Not long ago, I asked a friend if she was interested in writing a book. I was gearing up for NaNoWriMo and hoping she might join in the fun. She loves to read, she’s articulate and smart, and I was pretty sure she would be interested in writing.
I asked her if she had ever done any creative writing. She said once, long ago, but she was very bad at it.
She gave up because she didn’t have any talent.
Her misunderstanding made me sad.
As a beginner, she couldn’t expect to write a brilliant story right away. If she wanted to be a good writer, she needed more practice. What looks like talent from the outside is really lots of skill built through experience. Just like a new runner does not start by running a marathon in their first week, novel writers train up, writing lots and lots of pages before they write a book worth reading.
People often say “I’m not talented enough to do that” when they see a beautiful painting, hear a musical performance, or read a great story. We must remember that what is masterfully done is the result of hours and hours of practice. The artist must develop their skill set before they can expect to get the results that are so admired. They must make lots of art, good, bad, and mediocre, before they can achieve great.
Which brings us to the other comment often made when someone admires a really complex or large piece of creative work: “I don’t have the patience to do that.”
I thought a lot about patience as I was putting beads on Tiny’s Elizabeth I costume. It took me hours to do, but believe me, I am not a patient woman. I don’t want things now, I want them yesterday. Much of the time I was stitching beads onto fabric, I was looking forward to being done. It was certainly not patience that got helped me finish that project. It was determination.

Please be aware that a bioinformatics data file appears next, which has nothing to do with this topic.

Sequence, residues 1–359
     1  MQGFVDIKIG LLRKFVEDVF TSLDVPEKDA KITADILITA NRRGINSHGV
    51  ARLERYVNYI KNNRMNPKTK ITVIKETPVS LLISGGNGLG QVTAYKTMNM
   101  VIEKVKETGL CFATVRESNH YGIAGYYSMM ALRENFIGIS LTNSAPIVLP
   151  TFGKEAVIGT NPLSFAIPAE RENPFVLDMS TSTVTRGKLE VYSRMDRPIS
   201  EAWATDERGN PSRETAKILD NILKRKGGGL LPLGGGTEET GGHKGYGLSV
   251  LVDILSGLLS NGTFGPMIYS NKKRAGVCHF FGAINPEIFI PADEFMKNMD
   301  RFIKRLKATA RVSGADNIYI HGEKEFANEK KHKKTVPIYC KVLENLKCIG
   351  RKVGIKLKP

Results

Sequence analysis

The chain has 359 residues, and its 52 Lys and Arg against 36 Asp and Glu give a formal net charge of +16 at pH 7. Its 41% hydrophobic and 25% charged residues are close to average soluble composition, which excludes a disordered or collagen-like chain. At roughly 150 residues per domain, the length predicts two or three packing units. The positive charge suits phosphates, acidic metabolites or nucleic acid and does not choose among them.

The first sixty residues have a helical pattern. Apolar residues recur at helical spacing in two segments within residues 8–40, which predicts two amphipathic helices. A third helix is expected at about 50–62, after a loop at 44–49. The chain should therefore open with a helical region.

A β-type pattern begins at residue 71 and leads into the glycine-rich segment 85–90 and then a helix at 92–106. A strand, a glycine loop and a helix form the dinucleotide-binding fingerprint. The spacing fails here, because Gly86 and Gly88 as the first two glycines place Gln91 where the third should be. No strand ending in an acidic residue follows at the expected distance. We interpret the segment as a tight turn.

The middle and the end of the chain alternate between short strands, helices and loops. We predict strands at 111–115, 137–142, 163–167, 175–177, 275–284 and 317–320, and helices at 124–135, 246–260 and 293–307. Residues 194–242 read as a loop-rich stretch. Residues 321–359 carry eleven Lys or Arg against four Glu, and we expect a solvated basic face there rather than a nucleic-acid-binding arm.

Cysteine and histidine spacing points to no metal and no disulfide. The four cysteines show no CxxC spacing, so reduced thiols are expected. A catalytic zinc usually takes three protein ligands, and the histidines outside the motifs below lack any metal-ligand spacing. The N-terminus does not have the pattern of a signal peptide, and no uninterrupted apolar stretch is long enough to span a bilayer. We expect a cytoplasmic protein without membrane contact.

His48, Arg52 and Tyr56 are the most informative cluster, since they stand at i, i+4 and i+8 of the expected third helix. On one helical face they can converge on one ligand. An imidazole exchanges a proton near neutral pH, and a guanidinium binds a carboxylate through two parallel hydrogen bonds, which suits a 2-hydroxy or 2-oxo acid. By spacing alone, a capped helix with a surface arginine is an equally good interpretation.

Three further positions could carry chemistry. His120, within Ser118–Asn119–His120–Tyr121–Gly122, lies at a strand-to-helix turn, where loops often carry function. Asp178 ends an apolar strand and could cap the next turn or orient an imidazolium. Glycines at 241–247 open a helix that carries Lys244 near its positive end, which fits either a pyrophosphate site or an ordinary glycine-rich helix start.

Skill and determination, not talent and patience.
However, there is one place where having some patience is handy: while you are learning your craft. Practice takes time.
You are going to write bad stories, hit the wrong notes, and draw crooked houses while you are learning how to write, play, and draw. Lots and lots and lots of mistakes will be made. There will be successes, too, but it may be a long time before you are able to perform at the level you dream of. This is when patience comes in handy.
If you’re not all that patient, my advice is: use it. Your impatience can drive you to work harder. The more you practice, the quicker you will get better.
So no more excuses. Get to work.